Excerpts from this interview appear as follows:
How did you come to suspect that there was something amiss with the PNPM project you were involved in? What did you do about it and what were the consequences?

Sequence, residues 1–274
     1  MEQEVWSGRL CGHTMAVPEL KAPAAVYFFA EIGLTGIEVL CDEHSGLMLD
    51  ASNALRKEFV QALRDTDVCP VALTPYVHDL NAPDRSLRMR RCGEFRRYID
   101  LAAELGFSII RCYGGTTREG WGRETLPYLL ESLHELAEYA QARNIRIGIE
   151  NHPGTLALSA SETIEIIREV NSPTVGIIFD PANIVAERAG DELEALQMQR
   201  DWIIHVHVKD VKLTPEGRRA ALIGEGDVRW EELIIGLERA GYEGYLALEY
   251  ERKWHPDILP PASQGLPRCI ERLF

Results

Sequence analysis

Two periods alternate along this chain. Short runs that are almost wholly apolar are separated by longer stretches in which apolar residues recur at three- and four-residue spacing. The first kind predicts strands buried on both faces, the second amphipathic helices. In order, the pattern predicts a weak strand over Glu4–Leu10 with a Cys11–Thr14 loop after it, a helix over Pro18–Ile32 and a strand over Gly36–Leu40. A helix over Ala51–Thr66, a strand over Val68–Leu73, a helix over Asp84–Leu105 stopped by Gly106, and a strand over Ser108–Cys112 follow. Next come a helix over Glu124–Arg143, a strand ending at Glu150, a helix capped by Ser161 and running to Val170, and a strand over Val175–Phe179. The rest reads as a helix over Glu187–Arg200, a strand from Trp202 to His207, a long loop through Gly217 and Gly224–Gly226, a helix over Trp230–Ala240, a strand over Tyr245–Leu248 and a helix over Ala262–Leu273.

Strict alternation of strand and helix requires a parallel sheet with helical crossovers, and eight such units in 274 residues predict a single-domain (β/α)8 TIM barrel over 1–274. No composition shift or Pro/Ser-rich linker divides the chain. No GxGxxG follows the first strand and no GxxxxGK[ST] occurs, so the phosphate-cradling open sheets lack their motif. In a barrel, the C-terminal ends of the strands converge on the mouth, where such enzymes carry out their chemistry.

I was transferred from my post as a district-level technical facilitator in Flores to a similar post in South Amanuban in West Timor in April 2011, and took up my duties in May. At the point when I took up my duties, the project facilitators were conducting the annual project design and budget process. It was part of my duties to assist with this process. One of the projects involved the construction of solar-powered electric generation facilities. Right away, I could see that there was something odd going on. PNPM projects are supposed to be proposed and designed through a community process, for the benefit of the entire community. With this project, I could see that the project had been proposed by only a few people and only benefitted those individuals. That raised a flag for me. When I looked more closely at the procurement process, I noted that the price quoted by the suppliers for the electric generators was Rp.9 million. I’m not an expert in the area of electric power, but that seemed very high, so I contacted my network of friends in PNPM to try to determine what a fair and realistic price for these components should be. They told me that the actual cost of the components in question was closer to Rp.4 million, which meant that the cost was being marked up by more than 100 per cent.